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This is a guest post by Prasad Patil that answers the question: how to put a shape in the margin of an R plot?

The help page for R‘s par() function is a somewhat impenetrable list of abbreviations that allow you to manipulate anything and everything in the plotting device. You may have used this function in the past to create an array of plots (using mfrow or mfcol) or to set margins (mar or mai).

Way down toward the end of the list is the often-overlooked xpd parameter. This value specifies where in the plotting device an object can actually be plotted. The default is xpd = FALSE, which means that plotting is clipped, or restricted, to the plotting region. In other words, if your plot has xlim = c(0, 10) and ylim = c(0, 10) and you try to plot the point (-1, -1), it will not appear anywhere in the device.

xpd takes two other values, TRUE and NA, which limit plotting to the figure and device region, respectively. If you’re fuzzy on plotting terms, this tutorial presents those topics well.

## Plotting outside the plot

If you want to plot outside of the plotting region, I find that setting xpd = NA easiest since it opens up all external space. We also need to make sure that we keep space outside of the plot so that we have room to place our objects. Let’s say we want to put an ugly border above and below our plot:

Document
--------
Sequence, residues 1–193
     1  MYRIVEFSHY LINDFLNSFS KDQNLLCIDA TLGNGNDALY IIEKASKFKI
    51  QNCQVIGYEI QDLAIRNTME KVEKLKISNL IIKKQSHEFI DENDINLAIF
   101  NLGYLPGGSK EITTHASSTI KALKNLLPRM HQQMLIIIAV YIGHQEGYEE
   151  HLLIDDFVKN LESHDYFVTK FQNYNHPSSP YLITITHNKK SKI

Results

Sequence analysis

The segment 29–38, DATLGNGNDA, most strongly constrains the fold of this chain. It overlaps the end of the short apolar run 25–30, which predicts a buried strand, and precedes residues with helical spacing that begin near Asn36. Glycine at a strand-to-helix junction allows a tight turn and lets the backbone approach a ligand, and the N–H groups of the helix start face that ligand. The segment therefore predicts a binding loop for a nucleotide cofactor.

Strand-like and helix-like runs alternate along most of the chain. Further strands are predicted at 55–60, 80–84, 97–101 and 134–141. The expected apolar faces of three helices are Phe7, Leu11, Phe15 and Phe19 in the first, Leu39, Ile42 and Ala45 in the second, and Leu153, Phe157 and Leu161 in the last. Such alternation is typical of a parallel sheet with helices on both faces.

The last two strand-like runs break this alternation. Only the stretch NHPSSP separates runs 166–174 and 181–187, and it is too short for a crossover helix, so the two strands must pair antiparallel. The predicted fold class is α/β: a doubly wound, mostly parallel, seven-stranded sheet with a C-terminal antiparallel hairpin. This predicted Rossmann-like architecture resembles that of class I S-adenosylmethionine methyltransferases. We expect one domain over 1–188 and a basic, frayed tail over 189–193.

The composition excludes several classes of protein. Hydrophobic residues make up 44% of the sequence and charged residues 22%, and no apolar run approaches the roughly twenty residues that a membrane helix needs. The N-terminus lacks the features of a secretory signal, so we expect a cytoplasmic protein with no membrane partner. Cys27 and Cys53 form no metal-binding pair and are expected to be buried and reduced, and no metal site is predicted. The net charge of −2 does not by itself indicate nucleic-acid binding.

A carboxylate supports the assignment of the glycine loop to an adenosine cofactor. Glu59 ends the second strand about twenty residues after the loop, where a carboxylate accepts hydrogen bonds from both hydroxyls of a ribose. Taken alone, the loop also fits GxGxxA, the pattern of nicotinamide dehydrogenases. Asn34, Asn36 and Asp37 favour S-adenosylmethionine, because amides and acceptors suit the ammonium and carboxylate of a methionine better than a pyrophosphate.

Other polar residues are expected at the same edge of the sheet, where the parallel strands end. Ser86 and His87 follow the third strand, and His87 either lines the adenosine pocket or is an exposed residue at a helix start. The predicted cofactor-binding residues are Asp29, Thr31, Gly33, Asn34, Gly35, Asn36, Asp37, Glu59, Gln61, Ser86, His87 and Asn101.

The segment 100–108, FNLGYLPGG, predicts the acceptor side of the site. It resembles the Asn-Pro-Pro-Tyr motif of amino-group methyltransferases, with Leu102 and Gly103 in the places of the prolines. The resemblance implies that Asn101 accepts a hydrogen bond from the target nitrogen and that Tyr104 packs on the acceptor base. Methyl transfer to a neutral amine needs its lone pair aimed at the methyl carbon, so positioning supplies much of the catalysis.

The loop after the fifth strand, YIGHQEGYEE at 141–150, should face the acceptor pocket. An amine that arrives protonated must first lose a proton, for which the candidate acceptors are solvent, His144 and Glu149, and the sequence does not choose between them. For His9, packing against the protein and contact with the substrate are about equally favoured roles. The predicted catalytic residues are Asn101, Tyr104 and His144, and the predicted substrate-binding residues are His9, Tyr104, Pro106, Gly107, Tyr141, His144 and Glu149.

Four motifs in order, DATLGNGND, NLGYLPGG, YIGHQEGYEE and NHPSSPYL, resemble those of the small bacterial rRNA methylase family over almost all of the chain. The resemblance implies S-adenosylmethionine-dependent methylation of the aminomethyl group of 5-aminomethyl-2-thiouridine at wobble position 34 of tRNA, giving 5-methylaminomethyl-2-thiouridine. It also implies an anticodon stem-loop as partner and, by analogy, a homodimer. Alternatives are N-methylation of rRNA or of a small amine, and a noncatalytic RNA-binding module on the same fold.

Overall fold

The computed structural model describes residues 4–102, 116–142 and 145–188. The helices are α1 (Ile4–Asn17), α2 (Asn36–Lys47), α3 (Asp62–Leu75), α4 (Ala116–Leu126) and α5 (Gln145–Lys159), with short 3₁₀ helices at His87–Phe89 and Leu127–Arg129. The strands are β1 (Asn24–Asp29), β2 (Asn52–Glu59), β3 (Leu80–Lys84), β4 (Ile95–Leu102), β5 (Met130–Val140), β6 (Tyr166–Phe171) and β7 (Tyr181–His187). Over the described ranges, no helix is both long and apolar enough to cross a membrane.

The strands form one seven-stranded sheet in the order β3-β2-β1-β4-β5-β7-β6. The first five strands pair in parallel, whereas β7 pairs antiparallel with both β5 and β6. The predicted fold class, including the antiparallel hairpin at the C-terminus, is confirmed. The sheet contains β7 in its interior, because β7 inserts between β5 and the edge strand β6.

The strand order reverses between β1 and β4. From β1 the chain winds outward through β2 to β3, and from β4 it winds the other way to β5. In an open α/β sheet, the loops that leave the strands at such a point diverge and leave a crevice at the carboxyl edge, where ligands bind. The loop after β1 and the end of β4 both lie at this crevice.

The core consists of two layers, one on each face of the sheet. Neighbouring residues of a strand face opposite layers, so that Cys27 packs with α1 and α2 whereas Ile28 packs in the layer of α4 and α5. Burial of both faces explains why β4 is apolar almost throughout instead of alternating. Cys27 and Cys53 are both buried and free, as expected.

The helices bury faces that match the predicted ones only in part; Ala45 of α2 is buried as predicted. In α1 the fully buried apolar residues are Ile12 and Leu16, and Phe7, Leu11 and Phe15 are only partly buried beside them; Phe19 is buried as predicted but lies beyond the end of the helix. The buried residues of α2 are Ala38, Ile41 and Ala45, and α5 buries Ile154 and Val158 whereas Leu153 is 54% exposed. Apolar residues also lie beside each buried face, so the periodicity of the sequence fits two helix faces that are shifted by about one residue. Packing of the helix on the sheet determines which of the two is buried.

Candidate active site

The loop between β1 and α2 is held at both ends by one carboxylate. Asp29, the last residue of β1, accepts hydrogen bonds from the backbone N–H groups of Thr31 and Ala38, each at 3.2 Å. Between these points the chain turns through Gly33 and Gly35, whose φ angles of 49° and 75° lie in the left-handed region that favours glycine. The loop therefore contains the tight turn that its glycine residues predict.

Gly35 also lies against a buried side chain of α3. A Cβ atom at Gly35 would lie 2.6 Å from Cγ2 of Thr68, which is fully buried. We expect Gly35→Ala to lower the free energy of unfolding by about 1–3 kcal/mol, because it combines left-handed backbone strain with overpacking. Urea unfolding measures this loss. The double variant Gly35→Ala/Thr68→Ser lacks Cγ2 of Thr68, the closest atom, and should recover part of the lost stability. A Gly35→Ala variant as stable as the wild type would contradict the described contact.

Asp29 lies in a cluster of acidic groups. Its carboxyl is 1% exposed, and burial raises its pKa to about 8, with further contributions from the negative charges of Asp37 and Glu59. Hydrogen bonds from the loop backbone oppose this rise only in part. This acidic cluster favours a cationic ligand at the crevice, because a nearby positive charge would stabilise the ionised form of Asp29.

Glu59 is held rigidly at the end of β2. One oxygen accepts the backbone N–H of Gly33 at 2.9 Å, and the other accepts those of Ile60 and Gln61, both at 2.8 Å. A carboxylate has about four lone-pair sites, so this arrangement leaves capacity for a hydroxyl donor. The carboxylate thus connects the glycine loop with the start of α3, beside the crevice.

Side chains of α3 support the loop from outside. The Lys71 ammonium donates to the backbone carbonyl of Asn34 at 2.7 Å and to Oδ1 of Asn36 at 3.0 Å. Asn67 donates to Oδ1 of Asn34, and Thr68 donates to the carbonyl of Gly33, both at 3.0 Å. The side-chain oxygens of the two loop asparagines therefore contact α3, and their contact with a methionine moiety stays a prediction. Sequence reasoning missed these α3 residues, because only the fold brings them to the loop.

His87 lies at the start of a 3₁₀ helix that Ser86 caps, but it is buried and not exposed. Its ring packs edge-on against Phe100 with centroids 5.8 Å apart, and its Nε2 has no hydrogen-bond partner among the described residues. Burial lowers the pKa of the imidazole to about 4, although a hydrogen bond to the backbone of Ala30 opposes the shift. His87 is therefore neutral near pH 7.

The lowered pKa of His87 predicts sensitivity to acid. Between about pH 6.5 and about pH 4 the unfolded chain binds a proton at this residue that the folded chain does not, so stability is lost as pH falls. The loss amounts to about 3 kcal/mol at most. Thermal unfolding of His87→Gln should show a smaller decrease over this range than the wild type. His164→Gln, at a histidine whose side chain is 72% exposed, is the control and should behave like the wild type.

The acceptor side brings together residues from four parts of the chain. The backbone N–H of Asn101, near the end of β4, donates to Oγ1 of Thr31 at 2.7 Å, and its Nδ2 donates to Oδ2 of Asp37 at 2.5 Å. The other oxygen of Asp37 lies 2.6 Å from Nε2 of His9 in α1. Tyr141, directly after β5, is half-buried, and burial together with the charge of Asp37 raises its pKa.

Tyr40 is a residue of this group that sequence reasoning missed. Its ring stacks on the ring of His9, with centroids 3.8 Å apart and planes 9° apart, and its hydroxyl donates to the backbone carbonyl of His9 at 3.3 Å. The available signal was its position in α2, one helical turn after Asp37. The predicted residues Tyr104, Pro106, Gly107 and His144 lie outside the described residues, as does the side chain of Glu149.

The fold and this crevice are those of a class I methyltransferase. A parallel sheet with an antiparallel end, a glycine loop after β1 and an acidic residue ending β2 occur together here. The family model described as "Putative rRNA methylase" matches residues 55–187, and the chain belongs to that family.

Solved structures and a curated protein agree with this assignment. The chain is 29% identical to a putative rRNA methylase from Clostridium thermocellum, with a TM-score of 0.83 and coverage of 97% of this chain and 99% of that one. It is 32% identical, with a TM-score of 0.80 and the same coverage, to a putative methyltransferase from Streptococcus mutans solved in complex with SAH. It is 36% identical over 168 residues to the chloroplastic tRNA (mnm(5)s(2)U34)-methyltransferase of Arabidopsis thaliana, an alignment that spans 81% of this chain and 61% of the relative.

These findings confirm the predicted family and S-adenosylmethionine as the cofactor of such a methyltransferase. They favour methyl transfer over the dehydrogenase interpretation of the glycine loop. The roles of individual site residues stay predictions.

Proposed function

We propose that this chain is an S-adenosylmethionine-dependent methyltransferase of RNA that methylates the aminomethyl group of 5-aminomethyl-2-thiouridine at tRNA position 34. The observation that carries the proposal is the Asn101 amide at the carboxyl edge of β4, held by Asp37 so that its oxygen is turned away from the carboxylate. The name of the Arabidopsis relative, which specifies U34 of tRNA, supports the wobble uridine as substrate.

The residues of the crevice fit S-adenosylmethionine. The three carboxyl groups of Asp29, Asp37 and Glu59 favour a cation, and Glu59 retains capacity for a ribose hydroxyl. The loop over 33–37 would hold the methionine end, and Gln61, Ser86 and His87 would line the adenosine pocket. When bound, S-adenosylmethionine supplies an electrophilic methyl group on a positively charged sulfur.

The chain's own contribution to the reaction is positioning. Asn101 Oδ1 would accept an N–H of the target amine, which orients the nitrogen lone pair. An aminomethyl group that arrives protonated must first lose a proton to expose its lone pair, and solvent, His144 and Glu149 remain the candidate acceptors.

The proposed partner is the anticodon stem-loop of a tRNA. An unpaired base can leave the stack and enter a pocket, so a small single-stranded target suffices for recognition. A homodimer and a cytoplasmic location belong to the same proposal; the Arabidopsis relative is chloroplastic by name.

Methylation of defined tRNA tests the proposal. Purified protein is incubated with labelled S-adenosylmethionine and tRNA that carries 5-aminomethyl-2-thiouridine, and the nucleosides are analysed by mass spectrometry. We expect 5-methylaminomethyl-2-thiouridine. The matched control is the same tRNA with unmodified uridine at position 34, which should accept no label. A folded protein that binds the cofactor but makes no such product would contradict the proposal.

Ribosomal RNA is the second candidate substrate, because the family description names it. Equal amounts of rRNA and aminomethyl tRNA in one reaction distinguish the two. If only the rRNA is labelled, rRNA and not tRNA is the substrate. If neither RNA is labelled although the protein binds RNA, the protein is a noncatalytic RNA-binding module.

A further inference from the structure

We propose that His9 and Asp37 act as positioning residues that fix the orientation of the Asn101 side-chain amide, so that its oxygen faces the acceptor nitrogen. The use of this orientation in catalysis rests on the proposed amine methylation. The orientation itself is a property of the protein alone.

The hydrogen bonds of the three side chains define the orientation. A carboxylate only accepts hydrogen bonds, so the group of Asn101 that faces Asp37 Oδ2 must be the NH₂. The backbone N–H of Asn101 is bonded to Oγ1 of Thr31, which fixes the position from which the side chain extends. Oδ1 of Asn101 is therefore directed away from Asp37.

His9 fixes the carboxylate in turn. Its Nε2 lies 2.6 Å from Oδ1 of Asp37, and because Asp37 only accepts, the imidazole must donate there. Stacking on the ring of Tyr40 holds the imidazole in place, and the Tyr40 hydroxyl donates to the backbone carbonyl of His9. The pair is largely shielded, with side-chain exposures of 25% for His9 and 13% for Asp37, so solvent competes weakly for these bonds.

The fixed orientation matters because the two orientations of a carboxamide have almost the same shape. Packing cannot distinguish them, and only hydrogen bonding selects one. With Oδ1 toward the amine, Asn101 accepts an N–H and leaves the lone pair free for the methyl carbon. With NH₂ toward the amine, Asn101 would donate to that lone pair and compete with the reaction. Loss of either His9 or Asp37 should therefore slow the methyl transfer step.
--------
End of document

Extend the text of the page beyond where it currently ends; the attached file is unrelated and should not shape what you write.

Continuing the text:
# Set xpd=NA and expand the top and bottom margins
par(xpd = NA, mar = par()$mar + c(2.5, 0, 1, 0)) plot(1:10) # Note that the rectangle we make here has corner coordinates outside of # our plotting device rect(-5, 11, 12, 14, col="red") # Random dots in our rectangluar region points(runif(100, -4.2, 12.8), runif(100, 11.2, 13.6), col = "green", pch = 19, cex = 1.2) # And another rectangle for below rect(-5, -1.7, 12, -3.5, col="red") points(runif(100, -4.2, 12.8), runif(100, -3.3, -1.8), col = "green", pch = 19, cex = 1.2) Here we mentally extend the axes of our plot to determine where to put our margin elements. One can imagine a diagonal for the top rectangle running from (-5,11) to (12,14). Neither of these points appear in the plot itself, but we used the established axes to estimate them and plot outside the plotting region. ## Images outside the plot Now let’s say we want to add a logo or other external image in the margin of our plot. We will use R‘s png library to load a PNG image and rasterImage() to plot it: ## If needed: install.packages("png") library(png) img <- readPNG("logo.png") par(xpd = NA, mar=par()$mar + c(3, 0, 0, 0))
plot(1:10)
rasterImage(img, 0.5, -2.5, 10.5, -1)

Here we used the png library and the rasterImage() command to read in and plot the "logo.png" file. Based on the previously-known dimensions of the logo, we can choose which points to use as endpoints for the image. Note that this image may appear stretched or contorted depending on the size of your R plot device, and it will not stay consistent if you resize.